Transforming sorrow and anger into People’s Power
THE MALAYSIAN INSIDER
Flanked by Pakatan Rakyat leaders, Soh Cher Wei addresses the crowd. – Picture by Choo Choy May
By Debra Chong
KUALA LUMPUR, July 24 – Teoh Beng Hock’s fiancee Soh Cher Wei, two months pregnant, stepped on the stage at the KL and Selangor Chinese Assembly Hall last night, looking pale but bright eyed.
The crowd packed into the hall leapt to their feet and gave her a standing ovation.
Surrounded by Pakatan Rakyat (PR) leaders on both sides, the 28-year-old looked straight out at the crowd and spoke, in Mandarin, steadily and clearly: “I can do nothing more for Teoh Beng Hock but I’ll take care of his child. Thank you.”
Soh stepped off the stage, head held high, followed by the crowd’s thunderous applause in support of the steadfast school teacher.
By the stage, roses and chrysanthemums were beginning to droop in the heat. Their delicate petals – white and yellow – bruised easily, releasing a sweet, heavy, heady perfume that also smelled a little sickly with the thousands that thronged the hall here last night in memory of Teoh, the DAP political aide who was found dead last week outside the national anti-graft body’s office.
Many who came did not seem to know Teoh personally. When asked, they shook their heads, no.
Why did they come? They came to show they were angry, said those who wore something black – shirts, tee-shirts, blouses, pants, a headscarf.
Because they were sad, said those who dressed in other colours. They came because there were so many questions unanswered.
How could a 30-year-old man who was going to get married die suddenly? Why was he held for so many hours for questioning? Why is the “go’men” always doing this?
Before Teoh’s fiancee took the stage, the master of ceremonies also read out a personal letter she had first dedicated to her dead husband-to-be at his funeral, promising to marry him even if they were now living in separate worlds.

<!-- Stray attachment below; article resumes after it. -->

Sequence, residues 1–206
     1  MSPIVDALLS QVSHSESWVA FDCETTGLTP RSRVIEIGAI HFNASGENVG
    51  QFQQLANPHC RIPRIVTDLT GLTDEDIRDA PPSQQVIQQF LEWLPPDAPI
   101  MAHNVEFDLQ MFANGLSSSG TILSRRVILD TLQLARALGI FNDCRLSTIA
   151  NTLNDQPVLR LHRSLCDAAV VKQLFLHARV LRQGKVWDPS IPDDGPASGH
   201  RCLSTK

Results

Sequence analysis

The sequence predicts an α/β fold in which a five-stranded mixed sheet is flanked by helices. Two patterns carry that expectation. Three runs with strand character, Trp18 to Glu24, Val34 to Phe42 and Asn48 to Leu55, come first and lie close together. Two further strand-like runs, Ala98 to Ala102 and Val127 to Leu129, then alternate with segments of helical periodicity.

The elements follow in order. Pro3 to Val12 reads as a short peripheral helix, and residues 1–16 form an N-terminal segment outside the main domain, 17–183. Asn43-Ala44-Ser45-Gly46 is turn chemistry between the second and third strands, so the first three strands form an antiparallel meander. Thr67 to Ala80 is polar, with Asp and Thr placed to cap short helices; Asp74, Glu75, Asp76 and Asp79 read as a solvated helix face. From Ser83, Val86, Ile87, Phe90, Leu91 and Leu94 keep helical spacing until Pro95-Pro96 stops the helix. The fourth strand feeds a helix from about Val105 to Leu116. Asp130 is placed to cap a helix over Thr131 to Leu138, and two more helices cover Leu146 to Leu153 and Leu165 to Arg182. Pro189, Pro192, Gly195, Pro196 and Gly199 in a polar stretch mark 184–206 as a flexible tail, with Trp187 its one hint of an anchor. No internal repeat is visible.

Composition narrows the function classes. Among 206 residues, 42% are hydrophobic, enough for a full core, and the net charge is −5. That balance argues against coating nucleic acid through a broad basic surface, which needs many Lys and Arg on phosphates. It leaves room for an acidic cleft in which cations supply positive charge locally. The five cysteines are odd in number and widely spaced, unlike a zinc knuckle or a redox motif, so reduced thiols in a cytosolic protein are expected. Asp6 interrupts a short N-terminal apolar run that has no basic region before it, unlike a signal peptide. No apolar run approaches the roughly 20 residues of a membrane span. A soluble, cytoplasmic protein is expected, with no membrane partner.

The crowd had earlier listened to the impassioned speeches of the politicians blaming the ruling Barisan Nasional (BN) government.
Many stood up and pumped their fists in agreement, especially when veteran politician Lim Kit Siang called on them to stand up and let the media photographers snap their pictures protesting the Cabinet’s move to hold separately investigations into Teoh’s death and into the way the Malaysian Anti-Corruption Commission (MACC) interrogated him.
Lim had earlier mocked the Cabinet decision on Wednesday to let a magistrate’s court carry out an inquest instead of getting the royal commission of inquiry, which they had also agreed to set up soon, to handle everything, from Teoh’s death to possible procedural abuses by the MACC.
He noted that if the people had no confidence in high court judges and federal judges, what more magistrates under pressure from the BN government?
“They are asking for the moon!” he cried, referring to the Cabinet members.
“We must dare to be sad and dare to be angry,” the DAP parliamentary leader said.
“But we must translate our sorrow and anger into People’s Power,” he added.
“Then at the next elections, these people who refuse to listen to the voice of the people to set up a Royal Commission of Inquiry into the death of Teoh Beng Hock will descend into the dustbin of history!” he concluded.
As one, the crowd roared their approval.